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Coronavirus – and the impact on older adults in senior care

Consider the directives aimed at senior living communities. Rant on. The Washington State nursing home deaths and the virus presence in multiple nursing homes have an immediate result. Nursing home visits are now restricted nationwide – and it appears, despite lack of clarity, that also means assisted living – the combination spanning 2.5 million nationally. Most people look at the lock-downs as completely sensible, preventing the spread of the virus to such a vulnerable population.  And worker shortages already plaguing this industry are expected to worsen as workers call in sick, out of fear for themselves or their families. 

Study the Johns Hopkins sick map. Take a look at states like Florida and Arizona, which have a notable percentage of older people. Florida, a state of 21 million, has 4 million people aged 65+ and has had 106 total cases of the virus reported, with 4 deaths (only one age 65+).  Arizona has an estimated population of 7.3 million people with the 65+ representing 22% of the population.   The state has 12 cases, no deaths. Theories like international travel, cruises, conferences are all being circulated (and presumably investigated) as possible connections to the spread of the virus – it’s unlikely that this includes many residents of senior living. And so far, the nursing home connection (and deaths) are linked primarily to a Seattle facility.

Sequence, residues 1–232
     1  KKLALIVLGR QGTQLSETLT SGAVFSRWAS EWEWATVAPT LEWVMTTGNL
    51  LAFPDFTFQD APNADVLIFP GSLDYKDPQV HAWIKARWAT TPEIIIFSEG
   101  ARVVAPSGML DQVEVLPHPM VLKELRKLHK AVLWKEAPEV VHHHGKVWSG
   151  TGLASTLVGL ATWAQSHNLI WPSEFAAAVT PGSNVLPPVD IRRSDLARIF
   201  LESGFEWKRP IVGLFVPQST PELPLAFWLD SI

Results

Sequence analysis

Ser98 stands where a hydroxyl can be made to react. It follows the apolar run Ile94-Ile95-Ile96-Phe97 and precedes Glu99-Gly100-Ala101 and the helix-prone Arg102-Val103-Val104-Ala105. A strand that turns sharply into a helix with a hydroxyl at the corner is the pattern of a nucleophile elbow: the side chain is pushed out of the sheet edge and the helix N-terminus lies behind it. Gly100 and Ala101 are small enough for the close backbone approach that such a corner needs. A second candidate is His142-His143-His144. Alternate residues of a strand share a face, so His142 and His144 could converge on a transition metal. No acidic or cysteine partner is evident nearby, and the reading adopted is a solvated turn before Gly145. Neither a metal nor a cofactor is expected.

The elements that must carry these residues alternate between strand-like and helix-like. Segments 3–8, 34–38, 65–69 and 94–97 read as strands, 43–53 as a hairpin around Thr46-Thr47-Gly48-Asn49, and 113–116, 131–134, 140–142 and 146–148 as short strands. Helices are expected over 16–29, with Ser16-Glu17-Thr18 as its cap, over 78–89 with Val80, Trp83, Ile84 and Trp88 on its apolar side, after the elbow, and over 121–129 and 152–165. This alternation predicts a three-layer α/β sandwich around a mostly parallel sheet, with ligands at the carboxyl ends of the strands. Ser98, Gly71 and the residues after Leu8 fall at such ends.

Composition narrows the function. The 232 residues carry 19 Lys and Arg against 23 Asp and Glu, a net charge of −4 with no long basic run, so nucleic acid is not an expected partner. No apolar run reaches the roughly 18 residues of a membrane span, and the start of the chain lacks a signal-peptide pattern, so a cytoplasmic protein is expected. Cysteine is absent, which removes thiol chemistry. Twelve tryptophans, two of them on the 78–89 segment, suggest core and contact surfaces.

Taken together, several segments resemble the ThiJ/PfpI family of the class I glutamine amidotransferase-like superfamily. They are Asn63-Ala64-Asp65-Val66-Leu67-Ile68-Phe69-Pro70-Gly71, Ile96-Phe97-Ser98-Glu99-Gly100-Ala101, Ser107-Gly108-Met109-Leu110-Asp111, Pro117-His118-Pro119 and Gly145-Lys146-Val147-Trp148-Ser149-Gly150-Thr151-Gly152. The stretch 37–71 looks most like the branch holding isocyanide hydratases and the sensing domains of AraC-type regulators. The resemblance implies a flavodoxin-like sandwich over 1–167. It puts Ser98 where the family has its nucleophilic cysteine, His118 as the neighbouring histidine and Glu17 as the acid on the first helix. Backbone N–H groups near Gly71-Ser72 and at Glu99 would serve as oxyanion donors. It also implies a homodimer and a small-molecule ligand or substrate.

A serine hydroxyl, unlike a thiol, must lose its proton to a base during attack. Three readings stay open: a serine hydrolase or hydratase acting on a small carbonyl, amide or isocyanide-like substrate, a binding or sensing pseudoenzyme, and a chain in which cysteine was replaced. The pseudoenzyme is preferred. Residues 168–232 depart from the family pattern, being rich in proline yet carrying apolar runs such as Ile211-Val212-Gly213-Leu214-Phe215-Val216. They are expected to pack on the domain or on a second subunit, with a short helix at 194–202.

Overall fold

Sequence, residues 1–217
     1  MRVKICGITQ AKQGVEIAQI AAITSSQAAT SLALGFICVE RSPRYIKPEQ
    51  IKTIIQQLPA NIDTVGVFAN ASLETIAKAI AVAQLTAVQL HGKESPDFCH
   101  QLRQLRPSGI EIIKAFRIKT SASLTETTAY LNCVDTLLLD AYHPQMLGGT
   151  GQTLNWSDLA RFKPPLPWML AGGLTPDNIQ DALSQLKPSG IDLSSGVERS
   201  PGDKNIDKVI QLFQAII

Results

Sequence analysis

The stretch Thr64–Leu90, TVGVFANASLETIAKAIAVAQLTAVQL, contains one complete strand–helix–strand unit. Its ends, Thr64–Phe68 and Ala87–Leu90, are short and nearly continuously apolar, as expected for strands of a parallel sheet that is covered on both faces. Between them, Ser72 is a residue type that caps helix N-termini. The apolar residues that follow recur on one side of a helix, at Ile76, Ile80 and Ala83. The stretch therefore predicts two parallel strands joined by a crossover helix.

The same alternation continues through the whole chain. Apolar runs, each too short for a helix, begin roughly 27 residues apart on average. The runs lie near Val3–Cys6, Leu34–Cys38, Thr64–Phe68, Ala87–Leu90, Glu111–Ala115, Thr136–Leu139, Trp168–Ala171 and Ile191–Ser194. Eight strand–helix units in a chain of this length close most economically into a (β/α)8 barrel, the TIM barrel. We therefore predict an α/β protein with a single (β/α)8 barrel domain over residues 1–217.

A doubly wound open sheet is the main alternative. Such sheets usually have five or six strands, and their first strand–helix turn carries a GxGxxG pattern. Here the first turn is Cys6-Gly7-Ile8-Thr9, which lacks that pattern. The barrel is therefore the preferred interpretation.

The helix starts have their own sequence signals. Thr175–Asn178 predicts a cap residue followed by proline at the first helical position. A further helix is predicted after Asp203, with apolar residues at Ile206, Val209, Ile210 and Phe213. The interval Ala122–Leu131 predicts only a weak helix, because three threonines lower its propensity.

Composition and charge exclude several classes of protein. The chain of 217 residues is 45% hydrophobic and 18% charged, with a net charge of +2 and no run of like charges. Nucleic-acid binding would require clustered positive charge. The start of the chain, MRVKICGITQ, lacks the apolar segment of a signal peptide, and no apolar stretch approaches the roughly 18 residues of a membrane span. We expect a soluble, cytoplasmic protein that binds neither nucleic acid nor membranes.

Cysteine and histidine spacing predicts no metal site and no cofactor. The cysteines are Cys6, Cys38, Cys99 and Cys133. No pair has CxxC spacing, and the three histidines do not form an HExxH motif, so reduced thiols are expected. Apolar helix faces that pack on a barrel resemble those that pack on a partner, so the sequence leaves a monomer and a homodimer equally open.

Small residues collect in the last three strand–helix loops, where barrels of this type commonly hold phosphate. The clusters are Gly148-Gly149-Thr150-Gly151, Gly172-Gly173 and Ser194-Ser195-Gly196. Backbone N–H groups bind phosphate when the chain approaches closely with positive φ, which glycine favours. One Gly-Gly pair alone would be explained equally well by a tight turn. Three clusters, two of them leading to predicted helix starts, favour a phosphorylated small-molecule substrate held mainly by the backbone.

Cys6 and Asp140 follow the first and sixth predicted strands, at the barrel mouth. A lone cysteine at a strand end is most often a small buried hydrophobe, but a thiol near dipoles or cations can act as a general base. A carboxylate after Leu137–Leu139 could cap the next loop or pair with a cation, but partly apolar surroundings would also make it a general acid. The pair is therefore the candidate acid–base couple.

The net result for older adults in senior living is isolation and possibly jeopardized care.  Now even the oversight for monitoring care quality from family visitors is gone. What are the communication alternatives for families of residents to check on their status?  And particularly, for those assisted living or nursing home residents (upwards of 50%) who have dementia?  Skype?  FaceTime?  Seriously?  Through which building window?  And which staff member will take a resident to that window and hold up a tablet or their own phone?  Oh and is there Wi-Fi in the community?  Good luck finding that out online. (Instead you will note how many consulting organizations are offering to help with deploying a solid infrastructure.)

What happens next? The preparedness checklists are available and online. But these predate the directives to shut down visitors. Testing in nursing homes is beginning – note that the residents, not the staff, were tested in the Kirkland facility. Will there be test kits available to senior living communities everywhere to test staff so that they can be cleared to come in?  Or will these only being made available in the form of drive through testing for those with symptoms to avoid further spread of the virus.  If that’s the case, what about the symptom-free CNAs and other senior living workers? Ah well, maybe Google will help with communication about the virus and we can relax -- we will surely have better answers soon.  Rant off.

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